Donald's Encyclopedia of Popular Music
(b 26 October 1942, Rio de Janeiro, Brazil) Singer, songwriter; also played accordion, bass, guitar, piano; his sweet beautiful voice as well as his songs have made him one of the best-loved artists in a country that is mad about music. His mother was a servant; when she died he was adopted by the family she worked for, and grew up in a rural town in Minas Gerais, the only black member of the family. Influences were as diverse as classical music, Yma Sumac and Ray Charles; he formed a band with keyboardist/arranger Wagner Tiso when they were teenagers; they tried to play everything. Bossa nova was a shock; they copied songs off the radio and created their own versions of what they heard. He moved to the state capital Belo Horizonte '63, hung out with jazz musicians, then heard the Beatles; he spent two years in São Paulo, where he met Elis Regina, who recorded one of his songs, then to Rio, where he was befriended by Eumir Deodato, who arranged songs for an International Song Festival '67: 'Travessia' won second prize (later known as 'Bridges', English lyrics by Gene Lees); Nascimento was named best performer and made his first album that year. His second, Courage, was made for A&M with Deodato, Herbie Hancock, Airto (Moreira) and others, produced by Creed Taylor, with six songs from the first album; there have now been over two dozen albums on several labels.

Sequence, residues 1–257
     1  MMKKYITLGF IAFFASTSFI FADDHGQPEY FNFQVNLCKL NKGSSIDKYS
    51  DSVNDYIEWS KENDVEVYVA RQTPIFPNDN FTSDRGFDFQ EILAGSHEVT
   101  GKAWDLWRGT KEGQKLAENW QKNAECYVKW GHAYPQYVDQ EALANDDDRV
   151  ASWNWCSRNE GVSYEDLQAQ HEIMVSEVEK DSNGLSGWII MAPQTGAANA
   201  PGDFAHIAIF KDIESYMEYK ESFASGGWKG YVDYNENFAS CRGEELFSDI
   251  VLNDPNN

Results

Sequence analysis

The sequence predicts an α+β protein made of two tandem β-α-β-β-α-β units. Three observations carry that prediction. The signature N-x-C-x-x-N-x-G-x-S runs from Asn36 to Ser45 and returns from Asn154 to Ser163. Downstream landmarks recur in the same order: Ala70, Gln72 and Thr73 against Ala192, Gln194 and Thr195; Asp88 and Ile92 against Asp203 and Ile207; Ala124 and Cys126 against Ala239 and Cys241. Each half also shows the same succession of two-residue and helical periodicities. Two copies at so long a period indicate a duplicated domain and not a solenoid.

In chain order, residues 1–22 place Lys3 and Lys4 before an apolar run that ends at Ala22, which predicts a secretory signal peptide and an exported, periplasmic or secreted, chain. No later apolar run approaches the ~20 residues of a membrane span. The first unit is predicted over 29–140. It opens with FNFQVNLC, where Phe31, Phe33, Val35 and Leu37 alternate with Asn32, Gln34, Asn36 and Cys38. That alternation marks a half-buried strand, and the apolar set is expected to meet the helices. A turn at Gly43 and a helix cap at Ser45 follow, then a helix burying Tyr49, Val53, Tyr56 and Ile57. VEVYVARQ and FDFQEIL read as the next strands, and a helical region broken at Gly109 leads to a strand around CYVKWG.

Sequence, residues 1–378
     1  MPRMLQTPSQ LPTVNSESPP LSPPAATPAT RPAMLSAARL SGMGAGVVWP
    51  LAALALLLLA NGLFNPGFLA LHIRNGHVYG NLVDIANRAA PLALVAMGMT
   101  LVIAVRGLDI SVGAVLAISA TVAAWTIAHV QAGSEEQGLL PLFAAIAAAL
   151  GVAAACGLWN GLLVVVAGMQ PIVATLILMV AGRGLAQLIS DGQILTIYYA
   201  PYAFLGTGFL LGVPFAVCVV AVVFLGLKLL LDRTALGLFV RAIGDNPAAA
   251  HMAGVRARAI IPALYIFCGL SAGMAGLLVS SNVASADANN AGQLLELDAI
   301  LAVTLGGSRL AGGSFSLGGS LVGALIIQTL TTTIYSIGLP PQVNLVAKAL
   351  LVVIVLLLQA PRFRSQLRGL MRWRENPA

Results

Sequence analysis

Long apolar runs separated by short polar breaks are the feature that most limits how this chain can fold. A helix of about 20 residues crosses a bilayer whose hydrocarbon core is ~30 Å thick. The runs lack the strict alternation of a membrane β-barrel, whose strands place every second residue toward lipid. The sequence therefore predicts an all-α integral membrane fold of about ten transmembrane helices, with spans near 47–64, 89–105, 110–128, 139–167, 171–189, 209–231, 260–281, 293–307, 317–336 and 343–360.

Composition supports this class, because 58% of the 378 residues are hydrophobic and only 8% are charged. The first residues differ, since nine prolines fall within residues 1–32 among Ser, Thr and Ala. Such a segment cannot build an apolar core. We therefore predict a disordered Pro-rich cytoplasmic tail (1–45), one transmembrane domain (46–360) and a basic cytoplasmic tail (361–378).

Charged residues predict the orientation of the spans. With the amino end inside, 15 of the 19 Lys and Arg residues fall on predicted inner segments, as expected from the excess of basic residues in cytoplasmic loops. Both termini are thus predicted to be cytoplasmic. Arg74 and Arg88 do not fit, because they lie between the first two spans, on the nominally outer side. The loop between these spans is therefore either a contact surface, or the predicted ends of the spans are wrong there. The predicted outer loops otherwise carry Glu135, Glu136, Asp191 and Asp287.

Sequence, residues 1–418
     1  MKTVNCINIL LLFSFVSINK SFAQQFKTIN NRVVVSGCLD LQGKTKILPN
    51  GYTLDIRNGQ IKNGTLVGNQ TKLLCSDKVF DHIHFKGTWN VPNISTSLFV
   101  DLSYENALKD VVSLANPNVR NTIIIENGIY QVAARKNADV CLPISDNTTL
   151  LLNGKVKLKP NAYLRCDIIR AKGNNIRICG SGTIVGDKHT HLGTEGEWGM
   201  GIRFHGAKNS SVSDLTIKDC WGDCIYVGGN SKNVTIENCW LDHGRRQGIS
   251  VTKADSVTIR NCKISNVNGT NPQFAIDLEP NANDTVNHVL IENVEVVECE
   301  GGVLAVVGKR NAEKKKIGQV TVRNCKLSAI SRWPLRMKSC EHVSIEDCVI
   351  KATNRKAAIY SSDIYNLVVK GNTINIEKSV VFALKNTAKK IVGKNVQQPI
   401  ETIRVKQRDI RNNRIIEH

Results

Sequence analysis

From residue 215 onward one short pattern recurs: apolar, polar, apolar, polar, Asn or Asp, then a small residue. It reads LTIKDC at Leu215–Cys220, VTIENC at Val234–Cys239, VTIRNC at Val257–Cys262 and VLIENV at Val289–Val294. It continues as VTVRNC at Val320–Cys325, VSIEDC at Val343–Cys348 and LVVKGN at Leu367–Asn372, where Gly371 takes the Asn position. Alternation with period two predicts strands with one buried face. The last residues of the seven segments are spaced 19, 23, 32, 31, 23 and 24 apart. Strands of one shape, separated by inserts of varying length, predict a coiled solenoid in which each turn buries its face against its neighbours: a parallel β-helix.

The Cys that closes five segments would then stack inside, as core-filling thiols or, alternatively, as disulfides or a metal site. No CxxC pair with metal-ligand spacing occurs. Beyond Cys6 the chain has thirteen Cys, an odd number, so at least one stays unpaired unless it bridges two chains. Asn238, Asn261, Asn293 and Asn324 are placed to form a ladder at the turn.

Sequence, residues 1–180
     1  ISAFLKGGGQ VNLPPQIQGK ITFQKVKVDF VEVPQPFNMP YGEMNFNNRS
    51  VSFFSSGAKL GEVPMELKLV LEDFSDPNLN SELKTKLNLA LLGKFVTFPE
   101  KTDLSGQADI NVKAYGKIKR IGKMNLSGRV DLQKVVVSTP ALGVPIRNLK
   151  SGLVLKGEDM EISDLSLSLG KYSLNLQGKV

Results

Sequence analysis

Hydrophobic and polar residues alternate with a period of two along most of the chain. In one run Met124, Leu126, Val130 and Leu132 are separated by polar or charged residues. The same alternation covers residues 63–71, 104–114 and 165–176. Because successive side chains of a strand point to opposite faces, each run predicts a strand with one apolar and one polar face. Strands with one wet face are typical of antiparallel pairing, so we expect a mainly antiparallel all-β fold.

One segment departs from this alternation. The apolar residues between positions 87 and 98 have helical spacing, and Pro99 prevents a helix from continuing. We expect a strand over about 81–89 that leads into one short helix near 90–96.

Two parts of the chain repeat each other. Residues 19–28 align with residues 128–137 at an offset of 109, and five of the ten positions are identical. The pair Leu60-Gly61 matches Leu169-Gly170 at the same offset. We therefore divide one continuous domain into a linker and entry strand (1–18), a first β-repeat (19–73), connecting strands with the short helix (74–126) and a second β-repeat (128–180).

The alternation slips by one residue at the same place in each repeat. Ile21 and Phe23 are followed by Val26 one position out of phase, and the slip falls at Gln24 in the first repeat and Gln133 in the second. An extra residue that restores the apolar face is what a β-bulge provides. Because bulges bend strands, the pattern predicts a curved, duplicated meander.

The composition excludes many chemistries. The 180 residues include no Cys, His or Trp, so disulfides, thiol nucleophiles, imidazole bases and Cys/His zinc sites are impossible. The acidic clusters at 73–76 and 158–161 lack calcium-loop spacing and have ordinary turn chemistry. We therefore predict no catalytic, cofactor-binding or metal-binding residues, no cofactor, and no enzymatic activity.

He delved deeply into Brazilian regional musics, and his growing fame helped the careers of Dori Caymmi, Nan Vasconcelos and others; after an early album was called Clube da Esquina ('Corner Club'), the Brazilian media referred to him and collaborators as the Club. (Clube da Esquinho 2 came out '78; these classics were combined on a CD on EMI's Hemisphere label '96.) His songs have been used in films and recorded by such artists as Paul Desmond and Wayne Shorter (Native Dancer '74 on Columbia; Nascimento also sang). He guested on albums by Paul Simon (Rhythm Of The Saints '90), Manhattan Transfer (Brasil '87) and Sarah Vaughan (her Brazilian Romance '87 was arranged by Caymmi). Nascimento's Sentinela '80 on Verve featured guest vocalist Nana Caymmi; Missa dos Quilombos '82 had political overtones and a sermon by the archbishop of Recife, and was banned by the Vatican (after one of his earlier albums had most of the lyrics banned by a Brazilian government). Anima '82 featured the Mineiro group Uakti (who play invented instruments), a rock guitar and guests such as Caetano Veloso; A Barca dos Amantes ('Ship Of Lovers') '87 included Shorter; all these were on Verve. Encontros e Despedidas '86 ('Meetings And Farewells') on Polydor features Pat Metheny and Hubert Laws.Yauaretê '87 was produced by Quincy Jones with guests Simon, Hancock, Shorter, Uakti and others; Miltons '88 and Grammy-nominated Txai '90 were on CBS/Columbia. Angelus '94 on WB included a duet with James Taylor on 'Only A Dream In Rio'.